When my kids were very young, we had just a little money. There were no babysitters or nannies. We didn’t even have grandparents to help us out as we had chosen to live on the opposite coast. When my son, Dash, was around four years old, I decided that it was time for him to bond with his father. So with gentle persuasion on my part (my husband might describe it as a little more like a brick hammer) they enrolled in this karate class together.
Then, of course, my hubbies job kicked into high gear and he had to work on Saturday mornings, when he was supposed to be bonding with his son, so naturally, being an over ambitious mother, I decide that I can bond for both of us. I start karate too.
Then my daughter Olivia is born and I want to get back into good shape. By this time, all three of us…mom, dad and Dash are all front kicking, kibadaching and counting to ten in Japanese. When Olivia is six months old, she starts crawling around the classroom. I am starting to get some very dark looks from other people in the class. All well and fine, ‘cos I always appreciate the blackbelt apprentice disliking me intensely. Except for the wee fact, that the Sensei had expressly told me that he was very supportive of my child experiencing her full crawl technique in his classroom…something to do with the idea that his pupils should always be aware of every movement in their vicinity, and fear of kicking an infant would keep them all wide-awake and alert. When Olivia was not exercising her new found ability to get in other peoples personal space, she definitely had the need to hold on to my legs, sometimes one, sometimes the other, mostly both…this really put a wrench in my front kick ability.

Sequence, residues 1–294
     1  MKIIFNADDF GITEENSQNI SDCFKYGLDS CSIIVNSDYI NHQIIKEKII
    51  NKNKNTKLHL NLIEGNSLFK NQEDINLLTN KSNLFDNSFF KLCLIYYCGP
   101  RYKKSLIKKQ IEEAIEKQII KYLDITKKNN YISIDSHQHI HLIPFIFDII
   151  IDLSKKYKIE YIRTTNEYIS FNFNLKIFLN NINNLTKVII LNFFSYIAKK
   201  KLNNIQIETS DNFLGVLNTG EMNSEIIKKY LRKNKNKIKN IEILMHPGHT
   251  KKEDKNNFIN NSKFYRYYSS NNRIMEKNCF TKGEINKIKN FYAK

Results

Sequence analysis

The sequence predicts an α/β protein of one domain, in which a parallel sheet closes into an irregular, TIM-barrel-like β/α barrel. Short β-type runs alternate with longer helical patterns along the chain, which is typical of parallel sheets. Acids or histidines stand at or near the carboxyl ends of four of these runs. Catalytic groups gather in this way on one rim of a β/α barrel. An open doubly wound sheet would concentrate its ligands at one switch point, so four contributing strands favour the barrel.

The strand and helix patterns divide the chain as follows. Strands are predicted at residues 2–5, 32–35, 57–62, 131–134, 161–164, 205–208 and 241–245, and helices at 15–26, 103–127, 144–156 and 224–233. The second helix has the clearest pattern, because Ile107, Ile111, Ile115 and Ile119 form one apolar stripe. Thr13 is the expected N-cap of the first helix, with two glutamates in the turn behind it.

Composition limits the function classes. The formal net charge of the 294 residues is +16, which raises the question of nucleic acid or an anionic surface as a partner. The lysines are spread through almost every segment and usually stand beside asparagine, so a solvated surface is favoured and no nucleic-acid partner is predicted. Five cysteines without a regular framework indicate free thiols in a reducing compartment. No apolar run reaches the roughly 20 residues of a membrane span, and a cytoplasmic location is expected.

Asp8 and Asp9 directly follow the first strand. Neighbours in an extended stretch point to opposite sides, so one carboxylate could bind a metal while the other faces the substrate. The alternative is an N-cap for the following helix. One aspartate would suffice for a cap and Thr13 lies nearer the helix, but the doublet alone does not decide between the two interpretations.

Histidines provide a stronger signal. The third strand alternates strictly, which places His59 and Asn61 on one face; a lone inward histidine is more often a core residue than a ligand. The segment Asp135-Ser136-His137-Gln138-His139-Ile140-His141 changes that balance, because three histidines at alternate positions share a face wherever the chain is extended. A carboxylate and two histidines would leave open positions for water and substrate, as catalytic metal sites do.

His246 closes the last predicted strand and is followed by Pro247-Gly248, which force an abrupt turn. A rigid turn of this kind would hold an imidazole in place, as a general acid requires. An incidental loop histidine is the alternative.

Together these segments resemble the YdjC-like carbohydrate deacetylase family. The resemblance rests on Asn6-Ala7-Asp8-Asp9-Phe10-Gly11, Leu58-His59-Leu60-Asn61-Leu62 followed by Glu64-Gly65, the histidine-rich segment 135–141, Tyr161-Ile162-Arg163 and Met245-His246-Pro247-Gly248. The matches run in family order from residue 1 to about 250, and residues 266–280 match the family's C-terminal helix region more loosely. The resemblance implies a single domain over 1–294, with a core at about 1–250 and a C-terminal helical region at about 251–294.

Why continue you might be asking yourselves right now? Well, oftentimes, I didn’t. I would just sit out for half of the class. But there was something about watching my son get exercise, when I so desperately needed it, that made sitting and watching from the sidelines too frustrating.
There came a day when I was practically in tears by the end of the class. Olivia had decided that she wanted to do the class with me cuddling her. When I held her, she was soft and cooing like soft little kitten and if I put her down she decided to work on her hyena crying technique.
I was ready to give up. The whole class was looking at me like I was crazy, everyone was progressing more quickly that I. It was just so frustrating. Trying to hold my tears under control, I went to the Sensei to quit.
Before I could speak through my wet eyes and croaky voice, the Sensei said…Nicole, never give up. You can only do what you can do with what you’ve got. Don’t expect anything more from yourself or anything less. Be comfortable in the space that you are in. You have two wonderful small children, a class that supports you (Did they really? Maybe they did). It’s okay to be here in this moment.
So that’s what I do now. When it seems like I can’t climb the mountain, take another moment of parenting…I just remember that I am doing what I can do with what I have. It makes me feel better.